Rounding Up The Latest Minor League Cuts

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Yesterday brought a slew of news regarding minor league ballplayers. Players like T.J. Rivera, Carlos Asuaje and Juremi Profar were returned to the free-agent pool after rounds of cuts from their minor league teams. There was also a smattering of good news, including a report of David Price giving $1K to each minor leaguer on the Dodgers’ 40-man roster.

Today brings a new round of news about how teams are deciding to treat their minor league players during this trying time. While these cuts seem gaudy, it’s important to note that most teams waited on their spring training cuts, actually extending the pay for many of the players now being cut loose. Every year a round of these cuts occur, and it’s not solely an effect of the coronavirus shutdown. That said, Baseball America’s JJ Cooper is compiling a running list of the number of players released by each organization and comparing those numbers to their releases in 2019 and 2018. As news continues to filter out little by little about each organization’s cuts, let’s try to round up some of that info here…

National League

  • The Giants cut 20 players from their minor league system on Thursday, per Henry Schulman of the San Francisco Chronicle.
  • The Diamondbacks have been the most egregious offenders in this department with 62 players released, as noted by Cooper, while MLB Network’s Jon Heyman had the number of Dback releases at 64.
  • It’s not clear if we have the entire list of minor league players released by the Rockies, but The Athletic’s Nick Groke has a list of 15 players with confirmed releases. Groke notes that the Rockies refused comment or confirmation.
  • Cooper also listed the 30 players released by the Braves this week. He notes 31 released last year at this time and 24 the year before.
  • The Mets released 39 players, including right-hander Nick Rumbelow, formerly of the Yankees and Mariners. The Mets, of course, are weighing options in terms of selling the franchise after reporting losses of up to $150MM even if an 82-game season eventually gets underway.
  • The Phillies released T.J. Rivera, but a comprehensive list of players released by the Phillies isn’t yet known.
  • Jim Goulart of Brewerfan.net tweets a list of 30 minor leaguers released by the Brewers thus far, though the list may be incomplete. Goulart compiled the list from milb.com. Veteran Andres Blanco was among those released.
  • The Cubstotal list of releases reached 28 by the end of the day yesterday, with Brock Stewart and Asuaje two of the better-known names.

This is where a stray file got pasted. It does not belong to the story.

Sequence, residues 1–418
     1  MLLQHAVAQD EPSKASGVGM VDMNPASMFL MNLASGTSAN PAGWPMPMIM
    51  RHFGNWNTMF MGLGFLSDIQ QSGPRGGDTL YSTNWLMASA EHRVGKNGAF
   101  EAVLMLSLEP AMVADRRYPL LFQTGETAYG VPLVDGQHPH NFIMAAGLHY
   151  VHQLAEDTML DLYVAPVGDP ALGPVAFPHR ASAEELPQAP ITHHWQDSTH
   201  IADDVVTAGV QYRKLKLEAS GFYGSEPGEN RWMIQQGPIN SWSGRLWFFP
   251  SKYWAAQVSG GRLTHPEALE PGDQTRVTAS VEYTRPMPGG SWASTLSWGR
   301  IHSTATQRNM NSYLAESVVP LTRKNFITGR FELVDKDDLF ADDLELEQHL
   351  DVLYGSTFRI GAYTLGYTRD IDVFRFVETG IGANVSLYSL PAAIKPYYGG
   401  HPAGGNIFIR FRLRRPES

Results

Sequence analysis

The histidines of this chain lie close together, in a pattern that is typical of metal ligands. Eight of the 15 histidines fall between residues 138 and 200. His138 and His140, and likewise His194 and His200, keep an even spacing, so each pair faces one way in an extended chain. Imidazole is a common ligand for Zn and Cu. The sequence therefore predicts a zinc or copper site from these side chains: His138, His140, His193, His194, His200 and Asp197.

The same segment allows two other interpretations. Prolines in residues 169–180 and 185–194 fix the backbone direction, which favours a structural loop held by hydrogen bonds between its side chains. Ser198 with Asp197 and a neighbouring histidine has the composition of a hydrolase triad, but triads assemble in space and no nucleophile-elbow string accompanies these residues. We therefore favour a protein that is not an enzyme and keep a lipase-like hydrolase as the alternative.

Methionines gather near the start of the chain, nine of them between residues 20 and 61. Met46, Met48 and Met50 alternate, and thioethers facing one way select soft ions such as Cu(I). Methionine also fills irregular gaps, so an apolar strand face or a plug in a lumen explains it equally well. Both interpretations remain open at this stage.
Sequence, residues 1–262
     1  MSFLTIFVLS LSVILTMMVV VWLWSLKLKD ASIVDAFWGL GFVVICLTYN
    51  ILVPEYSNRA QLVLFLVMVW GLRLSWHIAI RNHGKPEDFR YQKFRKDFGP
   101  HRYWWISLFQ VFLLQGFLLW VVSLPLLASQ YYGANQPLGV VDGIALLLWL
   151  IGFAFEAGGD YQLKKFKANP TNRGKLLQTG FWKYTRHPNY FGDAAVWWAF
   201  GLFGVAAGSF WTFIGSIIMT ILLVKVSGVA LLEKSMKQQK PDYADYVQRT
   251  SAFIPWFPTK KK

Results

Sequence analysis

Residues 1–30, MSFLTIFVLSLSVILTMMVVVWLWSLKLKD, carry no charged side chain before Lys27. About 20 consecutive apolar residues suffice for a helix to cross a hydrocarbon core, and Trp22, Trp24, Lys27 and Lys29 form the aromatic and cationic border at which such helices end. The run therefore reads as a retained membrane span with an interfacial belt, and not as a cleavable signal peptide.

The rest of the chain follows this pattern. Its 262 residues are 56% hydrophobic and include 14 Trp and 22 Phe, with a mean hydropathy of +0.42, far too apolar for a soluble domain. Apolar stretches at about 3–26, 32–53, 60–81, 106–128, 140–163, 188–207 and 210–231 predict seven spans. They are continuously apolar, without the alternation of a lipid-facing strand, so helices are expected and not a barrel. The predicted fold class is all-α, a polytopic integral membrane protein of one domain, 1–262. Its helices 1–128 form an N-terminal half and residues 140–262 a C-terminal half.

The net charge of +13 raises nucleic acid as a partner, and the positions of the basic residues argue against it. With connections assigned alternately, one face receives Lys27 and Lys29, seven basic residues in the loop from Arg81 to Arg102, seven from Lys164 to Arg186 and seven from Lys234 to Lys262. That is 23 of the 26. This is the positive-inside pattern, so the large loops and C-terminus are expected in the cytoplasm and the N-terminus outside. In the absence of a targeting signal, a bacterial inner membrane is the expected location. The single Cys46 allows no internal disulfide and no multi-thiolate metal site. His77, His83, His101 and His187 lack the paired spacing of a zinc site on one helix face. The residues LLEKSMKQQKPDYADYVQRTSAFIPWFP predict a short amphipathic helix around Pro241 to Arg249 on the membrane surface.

• The Reds, Nationals, and Cardinals are said to have released payers, but the number of players released isn’t clear at this time. Big picture, the Reds have committed to paying their remaining minor leaguers through the end of the minor league season in early September.

American League

  • The Mariners released more than 50 minor leaguers.
  • The Astros released 17 players, all listed here in a tweet from Baseball America’s JJ Cooper. Cooper recalls the Astros number of player cuts from past years, comparing this year’s 18 released players in March through May to 10 players released in 2019 and 24 in 2018.
  • The Orioles cuts came out early, with 37 players listed.
  • The White Sox let go of 25 players, including Josue Guerrero.
  • The Red Sox released 22 players, with Nick Lovullo and Profar two players with some name recognition who are among those released.
  • The Twins and Royals are bringing the best bit of news, as neither organization has made cuts to their minor leaguer systems. Given the number of releases league-wide, it’s a notable decision from these clubs.
  • The Athletics, meanwhile, have informed their minor leaguers that their pay will be suspended as of May 31.
  • The Rays and Blue Jays are also rumored to have released players, and we will bring you those names and numbers as they come in.

On the plus side, teams like the Marlins, Padres, and Mariners will pay their minor leaguers through the end of the season, though releases are still considered a normal course of business. Many clubs have committed to paying their minor leaguers either through the end of June or the end of August.

The Athletic’s Alec Lewis shed some light on the Royals’ mindset, providing a quote from Royals GM Dayton Moore (via Twitter). Among other insights, Moore said, “…we felt it was really, really important not to release one minor league player during this time, a time we needed to stand behind them.”





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